A judge in North Carolina recently dismissed an action brought by Guilford County's Register of Deeds against twenty-nine defendants, including Mortgage Electronic Registration Systems ("MERS"), for a lack of legal standing to bring their claims, in Guilford Cty, ex rel. Jeff L. Thigpen, Guilford Cty. Register of Deeds v. Lender Processing Services, Inc.,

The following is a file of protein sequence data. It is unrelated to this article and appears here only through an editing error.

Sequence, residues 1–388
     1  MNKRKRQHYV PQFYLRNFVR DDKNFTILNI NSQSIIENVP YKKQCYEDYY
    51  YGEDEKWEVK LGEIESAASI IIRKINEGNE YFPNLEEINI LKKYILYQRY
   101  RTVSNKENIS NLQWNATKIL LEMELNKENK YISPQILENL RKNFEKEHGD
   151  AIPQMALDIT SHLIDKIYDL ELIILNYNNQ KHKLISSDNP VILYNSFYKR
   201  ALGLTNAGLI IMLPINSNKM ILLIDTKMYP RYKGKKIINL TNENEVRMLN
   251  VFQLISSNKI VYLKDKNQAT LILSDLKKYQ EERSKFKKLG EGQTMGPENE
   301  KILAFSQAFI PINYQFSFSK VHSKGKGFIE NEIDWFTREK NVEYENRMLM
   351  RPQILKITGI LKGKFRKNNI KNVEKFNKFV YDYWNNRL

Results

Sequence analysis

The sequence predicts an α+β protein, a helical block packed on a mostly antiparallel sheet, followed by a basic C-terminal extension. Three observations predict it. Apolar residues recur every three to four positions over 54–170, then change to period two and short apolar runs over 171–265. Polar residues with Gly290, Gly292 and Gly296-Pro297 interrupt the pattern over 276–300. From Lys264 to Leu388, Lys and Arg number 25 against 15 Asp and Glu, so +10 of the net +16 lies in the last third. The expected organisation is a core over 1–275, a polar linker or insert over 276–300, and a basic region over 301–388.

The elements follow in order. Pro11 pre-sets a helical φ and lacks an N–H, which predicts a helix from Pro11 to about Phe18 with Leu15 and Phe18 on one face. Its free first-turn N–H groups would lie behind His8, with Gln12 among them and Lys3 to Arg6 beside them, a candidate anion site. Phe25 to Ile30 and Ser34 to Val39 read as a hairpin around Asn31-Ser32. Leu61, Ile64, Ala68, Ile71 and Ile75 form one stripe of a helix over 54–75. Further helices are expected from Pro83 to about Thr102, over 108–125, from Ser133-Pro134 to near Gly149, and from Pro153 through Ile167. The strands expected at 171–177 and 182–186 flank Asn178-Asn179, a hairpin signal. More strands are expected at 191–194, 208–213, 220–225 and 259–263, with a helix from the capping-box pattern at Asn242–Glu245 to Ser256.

12 CVS 4531 (N.C. Gen. Ct. J. Super. Ct. Div. May. 29, 2013). The Register of Deeds of Guilford County filed the civil action on behalf of Guilford County making several state law claims against the defendants, including unfair and deceptive trade practices and unjust enrichment, as well as requesting the appointment of a Special Master and for Injunctive Relief. The basic premise of the County's allegations was that the creation of mortgage-backed securities, the use of MERS, and the practice of robo-signing harmed the county and its citizens. The County's many alleged injuries included the following: (1) legal uncertainty concerning title; (2) decreases in real estate values; (3) reductions in tax collections; and (4) difficulty identifying ownership of land parcels. The North Carolina judge dismissed all the County's claims stating that they were "fatally flawed." For the most part, the judge simply found that the County did not have standing to sue. For example, the County alleged the defendants violated G.S. 45-36.9, which requires secured creditors to "submit for recording a satisfaction of a security instrument within 30 days after the creditor receives full payment or performance of the secured obligation." However, the statute only created a liability for a "landowner" and, therefore, the County did not have standing to sue. The County's claims were also "fatally flawed" beyond just standing. For example, the County also alleged "[d]efendants unfairly and deceptively utilized MERS to avoid accurately recording property interests, transfers, and satisfactions and to prevent landowners and the public from accessing property records." However, to state a claim for an unfair or deceptive trade practice, the County had to show that the action was "in or affecting commerce," which the court found the county failed to properly demonstrate. In addition, he court found the County's claim that it lost filing fees from the assignments that the defendants failed to record could not serve as the basis for a claim for unjust enrichment "absent an allegation of a specific benefit conferred on Defendants by Plaintiff." Finally, the court held that the County could not seek injunctive relief or for the Appointment of a Special Master to indentify fraudulent or invalid documents absent standing or any cause of action to bring the underlying suit. In short, the Chief Special Superior Court Judge for Complex Business Cases dismissed all the Guilford County Register of Deeds claims against MERS and all other defendants because the County lacked standing to bring the claims. For more information on consumer finance litigation topics, please contact one of the Burr & Forman team members for assistance. We are happy to answer any questions or concerns you may have.